No Peers

One of the more surprising and inventive metal albums of 2007 had to be Dödsvisioner by Swedish outsider Bergraven. Consisting solely of the lone Per Gustaffssons, the album he crafted in almost complete hermetic solitude is in turns violently harsh, beautifully lush, and branches off down many unexpected sonic off-ramps and tributaries. It’s an incredibly personal and idiosyncratic album, but the individuality comes through not as much in lyrics and/or frontmanisms, but in the beautifully controlled sonics of the album. Bergraven creates art that is as much songs as atmospheres, shifting and metamorphosing into different moods, dabbling in different textures/genres, while still keeping an essential dark heaviness.


Gustaffsons–and by extension Bergraven–interests me too because he seems on his way to becoming an iconoclast amongst iconoclasts, or at the very least a Brian Eno of metal. He takes pains to separate himself from any communities or ideologies that currently hold sway over metal’s darker edges and concentrates only on creating sound and keeping complete control over all aspects of Bergraven. Ironically, this approach puts him in the company of a growing number of isolationists, hermits, and depressives who seem intent on pushing black/extreme/what-have-you metal’s boundaries to the limits of expression. With a new album already written, the restless Gustaffssons and his Bergraven is definitely one to watch. Ink 19 spoke to him via email in the dead of winter.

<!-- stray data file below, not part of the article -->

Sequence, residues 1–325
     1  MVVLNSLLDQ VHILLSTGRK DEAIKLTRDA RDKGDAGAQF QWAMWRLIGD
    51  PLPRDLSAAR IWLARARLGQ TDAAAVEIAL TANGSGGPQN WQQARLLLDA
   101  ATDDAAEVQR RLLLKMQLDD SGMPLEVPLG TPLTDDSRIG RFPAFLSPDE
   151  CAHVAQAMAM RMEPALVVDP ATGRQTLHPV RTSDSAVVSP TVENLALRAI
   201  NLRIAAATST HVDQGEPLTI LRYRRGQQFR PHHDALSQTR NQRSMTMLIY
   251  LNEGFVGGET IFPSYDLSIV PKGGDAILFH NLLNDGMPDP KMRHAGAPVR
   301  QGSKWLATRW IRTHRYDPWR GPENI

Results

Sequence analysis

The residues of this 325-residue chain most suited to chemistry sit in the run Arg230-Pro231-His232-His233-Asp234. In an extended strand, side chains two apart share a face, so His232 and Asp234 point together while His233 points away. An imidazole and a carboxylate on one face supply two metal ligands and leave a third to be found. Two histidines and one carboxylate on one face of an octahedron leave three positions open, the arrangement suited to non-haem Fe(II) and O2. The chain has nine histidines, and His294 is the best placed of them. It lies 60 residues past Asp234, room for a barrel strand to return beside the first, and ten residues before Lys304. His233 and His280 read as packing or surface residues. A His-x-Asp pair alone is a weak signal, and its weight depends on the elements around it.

You were in a band or two before Bergraven, weren’t you? It’s interesting to me that you decided to go it alone because for many musicians (and the audience), metal is more of a live and communal experience, whereas you–and a few other like minded musicians (Xasthur, Leviathan come to mind immediately)–seem to be purposely isolating yourself and creating your own way. What made you say “fuck it, I want to do it all by myself?”